Table 3: Changes in the lipid profile and Fibroscan after administration of 2MSC.


TC, total cholesterol; TG, triglycerides; HDL-C, high-density lipoprotein cholesterol; LDL-C, low-density lipoprotein cholesterol; * 12-week minus Baseline.

Figure 1: Overall Fibroscan Results: Comparission of controlled attenuation parameter (CAP) values.


Figure 2: Comparison of CAP Reading.


When the liver conditions of the volunteers were classified into four different groups of liver steatosis, as: minimal, mild, moderate and severe, it was interesting to find that the herbal formula influenced only the moderate group significantly, while the minimal to mild group and severe group were unaffected. (Figure 2).


Functional foods or nutraceuticals which have potential anti-obesity properties have attracted great attention. Schisandrae Fructus is a Chinese herb traditionally used as a liver tonic. Silymarin, an extract of the milk thistle (Silybum marianum), is a dietary supplement that is widely used in Europe for the prevention and treatment of liver problems. Crataegus Fructus (hawthorn) is traditionally used to promote digestion and dissipate food stagnation. Momordica charantia (bitter melon) is traditionally used for the treatment of diabetes in Ayurvedic Medicine. Our in vitro results suggested Crataegus Fructus aqueous extract exerted potent inhibitory effects on 3T3-L1 preadipocytes differentiation and cholesterol uptake into Caco-2 cells. Schisandrae Fructus aqueous extract and milk thistle exerted inhibitory effects on oleic acid-induced fatty liver in HepG2 cells. Momordica charantia extract on the other hand, exerted significant inhibitory effects on the glucose uptake into BBMV. Our in vivo results showed that our herbal formula exhibited a trend to reduce diet-induced increase in body weight and fat pad mass (epididymal, perirenal and inguinal fat). It also significantly reduced diet-induced increase in liver weight, liver lipid, and plasma lipid dose-dependently. High-fat diet induced a significant reduction in adiponectin level which was significantly improved by herbal formula supplementation at 4%. The herbal formula also significantly reduced diet-induced inflammation in the liver at both doses.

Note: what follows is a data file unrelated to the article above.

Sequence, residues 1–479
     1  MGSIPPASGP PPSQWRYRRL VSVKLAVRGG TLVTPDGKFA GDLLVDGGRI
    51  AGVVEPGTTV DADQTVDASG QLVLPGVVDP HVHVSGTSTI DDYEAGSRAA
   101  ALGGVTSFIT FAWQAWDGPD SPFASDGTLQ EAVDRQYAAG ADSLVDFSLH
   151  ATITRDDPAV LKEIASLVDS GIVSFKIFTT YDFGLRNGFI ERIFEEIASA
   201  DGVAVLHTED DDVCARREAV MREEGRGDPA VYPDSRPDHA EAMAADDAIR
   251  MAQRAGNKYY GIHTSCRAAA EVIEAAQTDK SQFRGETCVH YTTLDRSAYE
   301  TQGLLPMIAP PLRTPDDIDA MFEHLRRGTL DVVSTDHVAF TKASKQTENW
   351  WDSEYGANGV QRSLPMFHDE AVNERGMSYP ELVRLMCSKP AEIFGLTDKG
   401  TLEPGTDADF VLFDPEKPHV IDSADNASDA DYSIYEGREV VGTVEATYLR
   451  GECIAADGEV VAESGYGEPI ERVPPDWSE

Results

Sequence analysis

Metabolic Syndrome is currently understood as a combination of commonly co-existing symptoms some of them clearly present uniquely as an outstanding disease, like diabetes mellitus and hypertension, while others present as potentially threatening pathologies. Although adequate treatment for diabetes and hypertension are available, there is a common wish that they could be controlled at an early stage, so that progression could be curbed [23].
Apart from a rigidly followed lifestyle recommended for the cardiovascular system and obesity, which is not easy for the general public, food supplements have been used to help [24,25]. Our pilot clinical study ventured to develop an evidence-based supplement specific for MS, adopting a broad view covering all five problems: obesity, body weight, BMI, blood pressure, and blood lipids. Changes in liver fat and adiponectin were also explored [26,27]. Our pilot clinical study showed an overall body weight loss from 71.4 to 70.6 kg (p=0.027) and a BMI 28.0 to 27.7 (p=0.053) within a short period of 12 weeks.
The body circumference (external fat collection) shrinkage as detected through waist and hip also showed significant decline (p=0.014 and 0.011).
Since neck circumference measurement has recently been endorsed as a simple practical assessment for body fat, our neck measurements were supportive to the innovation and showed a 37.0 to 36.0 cm decline [28,29].
Useful results were provided in the blood tests. Liver function and renal function tests stayed normal, indicating the safety of the formula. With regard to the lipids: there were declines in triglycerages (p=0.044) and an increase in high density lipid (p=0.034) [30]. Fasting blood sugar remained stable.